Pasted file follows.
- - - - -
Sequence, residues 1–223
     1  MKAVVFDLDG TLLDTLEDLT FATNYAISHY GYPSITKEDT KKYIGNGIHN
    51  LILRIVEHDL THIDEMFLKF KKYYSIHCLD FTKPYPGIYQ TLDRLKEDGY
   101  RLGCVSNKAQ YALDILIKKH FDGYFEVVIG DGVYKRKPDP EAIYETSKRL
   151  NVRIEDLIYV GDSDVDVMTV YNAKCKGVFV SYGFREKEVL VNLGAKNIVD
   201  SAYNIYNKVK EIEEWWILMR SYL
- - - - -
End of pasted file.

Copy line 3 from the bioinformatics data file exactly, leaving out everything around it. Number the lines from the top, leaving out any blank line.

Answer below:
    51  LILRIVEHDL THIDEMFLKF KKYYSIHCLD FTKPYPGIYQ TLDRLKEDGY